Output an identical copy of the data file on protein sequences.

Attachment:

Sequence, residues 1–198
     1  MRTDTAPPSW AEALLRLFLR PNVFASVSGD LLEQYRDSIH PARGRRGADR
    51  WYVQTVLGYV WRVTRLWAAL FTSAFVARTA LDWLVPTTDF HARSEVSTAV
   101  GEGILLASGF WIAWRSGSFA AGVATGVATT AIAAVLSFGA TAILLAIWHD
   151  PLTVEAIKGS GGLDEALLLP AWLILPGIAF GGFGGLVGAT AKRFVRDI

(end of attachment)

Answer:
Sequence, residues 1–198
     1  MRTDTAPPSW AEALLRLFLR PNVFASVSGD LLEQYRDSIH PARGRRGADR
    51  WYVQTVLGYV WRVTRLWAAL FTSAFVARTA LDWLVPTTDF HARSEVSTAV
   101  GEGILLASGF WIAWRSGSFA AGVATGVATT AIAAVLSFGA TAILLAIWHD
   151  PLTVEAIKGS GGLDEALLLP AWLILPGIAF GGFGGLVGAT AKRFVRDI